However, "[i]t is clear that it is the responsibility of the ALJ, not the claimant's physician, to determine residual functional capacity." Vertigan v. Halter, 260 F.3d 1044, 1049 (9th Cir. 2001). The ALJ must also consider the opinions of state agency consultative examiners. See Orn v. Astrue, 495 F.3d 625, 632 (9th Cir. 2007). When the opinions of treating and examining doctors conflict, it is the ALJ's duty to resolve the conflicts. Andrews v. Shalala, 53 F.3d 1035, 1041 (9th Cir. 1995). "[W]hen an examining physician provides independent clinical findings that differ from the findings of the treating physician, ' such findings are substantial evidence.'"' Orn v. Astrue, 495 F.3d 625, 632 (9th Cir. 2007); Tonapetyan v. Halter, 242 F.3d 1144, 1149 (9th Cir. 2001) (an examining physician's opinion "alone constitutes substantial evidence, because it rests on [the doctor's] own independent examination of [the claimant").

Further, the ALJ must also consider the findings of fact and opinions of non-examining state agency medical and psychological consultants and other program physicians and psychologists, who are experts in Social Security disability programs. Social Security Ruling ("SSR") 96-6p, 1996 WL 374186. Such consultants are "highly qualified physicians and psychologists who are experts in the evaluation of the medical issues in disability claims under the Act.... they consider the medical evidence in disability cases and make findings of fact on medical issues, including, but not limited to, the existence and severity of an individual's impairment." Id. The ALJ may rely on opinions from state agency reviewers if those opinions are well-supported and consistent with the record as a whole. Id. "[O]pinions from State agency medical and psychological consultants and other program physicians and psychologists may be entitled to greater weight than the opinions of treating or examining sources." Id.

Here, the ALJ indicated that medical records reflect that plaintiff was diagnosed with chronic neck and low back pain for which she has been undergoing treatment since at least 2007 (AR 40). Treatment notes reflect that she was able to maintain a high functional level with injections and medications and worked full-time through most of 2008 with this condition. Id. at 41; 59; 236-243. However, she sustained multiple compression fractures of the spine in a March 2009 ATV crash. Id . at 374. Plaintiff then had two vertebroplasty procedures, trigger point and steroid injections, nerve blocks and physical therapy. Id. at 388; 483-497. She has also been diagnosed with major depression, recurrent and mild with treatment. Id. at 524-26. Based on these records, the ALJ found that plaintiff had the severe impairments of migraines, depression and myofascial pain syndrome secondary to chronic neck and back pain. Id. at 40.

The ALJ considered the opinion of treating physician Abdollah Assad, M.D. Id. at 45-46. Dr. Assad filled out a mental medical source statement form and indicated that plaintiff is delusional/paranoid and suffers from anxiety, racing thoughts and mood swings. Id. at 549-554. He listed the following findings: plaintiff is depressed, has migraines, severe pain from injuries from the accident and poor social support. On a chart entitled Mental Abilities and Aptitudes Needed to Do Unskilled Work, under "complete a normal workday and workweek without interruptions from psychologically based symptoms, " Dr. Assad checked "no useful ability to function." Id. at 551. He also indicated on the questionnaire that he anticipated that plaintiff's impairments or treatments would cause her to be absent from work about three days per month. Id. at 553. He opined that plaintiff would be unable to meet competitive standards of understanding, remembering, and carrying out detailed instructions, or dealing with the stress of semiskilled or skilled work, and that she would be more than limitedly impaired in performing at a consistent pace without an unreasonably number and length of rest periods, accepting instructions and responding appropriately to criticism from supervisors, and dealing with normal work stress. Id. at 551-554. He references plaintiff's memory loss as a basis for these conclusions. Id. at 552.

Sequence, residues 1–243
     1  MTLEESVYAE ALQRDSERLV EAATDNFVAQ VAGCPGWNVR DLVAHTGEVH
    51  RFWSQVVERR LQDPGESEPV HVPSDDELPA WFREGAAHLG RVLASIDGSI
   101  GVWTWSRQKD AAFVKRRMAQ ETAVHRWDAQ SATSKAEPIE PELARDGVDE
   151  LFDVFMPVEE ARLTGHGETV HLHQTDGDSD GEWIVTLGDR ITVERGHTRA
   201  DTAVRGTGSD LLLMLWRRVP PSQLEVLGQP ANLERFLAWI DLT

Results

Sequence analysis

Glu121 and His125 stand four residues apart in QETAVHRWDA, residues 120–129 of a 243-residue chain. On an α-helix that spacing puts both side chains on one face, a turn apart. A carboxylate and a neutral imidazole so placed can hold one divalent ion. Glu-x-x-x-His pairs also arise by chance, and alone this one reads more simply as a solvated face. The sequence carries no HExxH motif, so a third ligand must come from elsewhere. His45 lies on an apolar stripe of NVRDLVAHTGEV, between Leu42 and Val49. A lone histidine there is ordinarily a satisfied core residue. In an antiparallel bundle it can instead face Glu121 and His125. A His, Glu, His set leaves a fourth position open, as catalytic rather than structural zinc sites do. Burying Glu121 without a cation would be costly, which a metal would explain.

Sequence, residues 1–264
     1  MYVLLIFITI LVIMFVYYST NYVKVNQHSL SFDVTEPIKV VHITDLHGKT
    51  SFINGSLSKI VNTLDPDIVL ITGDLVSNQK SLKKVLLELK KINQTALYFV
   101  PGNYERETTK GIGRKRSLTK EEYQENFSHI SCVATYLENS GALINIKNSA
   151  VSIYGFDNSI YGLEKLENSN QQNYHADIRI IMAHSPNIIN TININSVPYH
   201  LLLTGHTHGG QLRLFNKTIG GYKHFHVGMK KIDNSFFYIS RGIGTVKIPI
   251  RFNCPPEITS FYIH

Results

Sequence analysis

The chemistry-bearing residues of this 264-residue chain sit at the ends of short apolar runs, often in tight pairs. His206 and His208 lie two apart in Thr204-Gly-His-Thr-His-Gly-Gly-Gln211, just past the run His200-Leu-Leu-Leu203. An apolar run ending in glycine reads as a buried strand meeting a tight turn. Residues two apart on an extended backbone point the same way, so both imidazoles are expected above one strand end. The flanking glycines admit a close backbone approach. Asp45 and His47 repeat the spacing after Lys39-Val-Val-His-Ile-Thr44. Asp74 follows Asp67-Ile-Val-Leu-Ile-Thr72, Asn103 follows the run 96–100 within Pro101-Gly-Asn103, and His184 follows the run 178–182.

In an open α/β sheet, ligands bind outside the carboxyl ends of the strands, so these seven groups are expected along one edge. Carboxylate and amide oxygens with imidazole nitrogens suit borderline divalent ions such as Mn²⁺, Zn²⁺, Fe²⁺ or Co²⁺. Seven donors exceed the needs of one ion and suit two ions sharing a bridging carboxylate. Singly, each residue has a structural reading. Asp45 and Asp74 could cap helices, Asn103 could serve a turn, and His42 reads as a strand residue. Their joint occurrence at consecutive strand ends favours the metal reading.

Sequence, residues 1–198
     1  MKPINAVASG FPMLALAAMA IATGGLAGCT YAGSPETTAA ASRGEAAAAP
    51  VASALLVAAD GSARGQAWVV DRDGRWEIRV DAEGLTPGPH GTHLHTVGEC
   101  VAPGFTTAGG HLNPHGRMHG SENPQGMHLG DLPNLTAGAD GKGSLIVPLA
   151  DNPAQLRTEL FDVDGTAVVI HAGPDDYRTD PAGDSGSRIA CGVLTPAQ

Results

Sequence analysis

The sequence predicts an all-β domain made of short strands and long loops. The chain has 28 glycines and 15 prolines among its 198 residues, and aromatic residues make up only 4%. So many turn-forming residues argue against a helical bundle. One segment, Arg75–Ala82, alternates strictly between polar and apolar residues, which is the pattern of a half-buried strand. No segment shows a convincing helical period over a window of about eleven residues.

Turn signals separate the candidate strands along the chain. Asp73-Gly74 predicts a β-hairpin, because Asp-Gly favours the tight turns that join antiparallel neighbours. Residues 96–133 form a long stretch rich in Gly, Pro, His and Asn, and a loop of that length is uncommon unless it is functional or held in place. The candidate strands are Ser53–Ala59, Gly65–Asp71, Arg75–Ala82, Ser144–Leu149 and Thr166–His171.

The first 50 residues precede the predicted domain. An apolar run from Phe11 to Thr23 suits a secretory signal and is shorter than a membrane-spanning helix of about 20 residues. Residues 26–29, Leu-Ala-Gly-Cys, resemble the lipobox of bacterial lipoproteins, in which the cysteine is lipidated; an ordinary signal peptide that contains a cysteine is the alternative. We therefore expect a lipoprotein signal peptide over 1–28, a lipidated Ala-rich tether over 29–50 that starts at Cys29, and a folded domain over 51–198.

The ALJ, however, discredited many of Dr. Assad's conclusions as set forth on the form discussed above, because they contradicted other statements on the same questionnaire as well as his treatment notes. Id. at 45-46. For example, on the questionnaire Dr. Assad also assessed that plaintiff would be capable of satisfactorily maintaining regular work attendance, remembering work-like procedures, understanding, remembering and carrying out very short and simple instructions, sustaining an ordinary work routine without supervision, working in coordination with or proximity to co-workers, asking questions and requesting assistance, and remaining aware of normal hazards and taking appropriate precautions. Id. at 551. Dr. Assad saw plaintiff monthly, but the notes from the majority of the visits reflect that plaintiff's mood was euthymic; only in seven of twenty-two visits did the doctor note any depressed mood. Id. at 626-644. Additionally, treatment notes from Nurse Kiehn and Dr. Berman repeatedly documented a normal mood and affect and the absence of any symptoms of depression, anxiety, or inability to concentrate. Id. at 648-698. Treatment notes from Northern Nevada Adult Mental Health Services indicate plaintiff showed interest and enthusiasm for group exercises, and that in individual sessions, she appeared alert and oriented with linear logical thought process and displayed judgment, insight and impulse control "sufficient to meet her basic needs." Id. at 620-622. No objective medical evidence in the record suggests memory loss; in fact, the evidence indicates that plaintiff's memory is "grossly intact." Id. at 46, 524-27.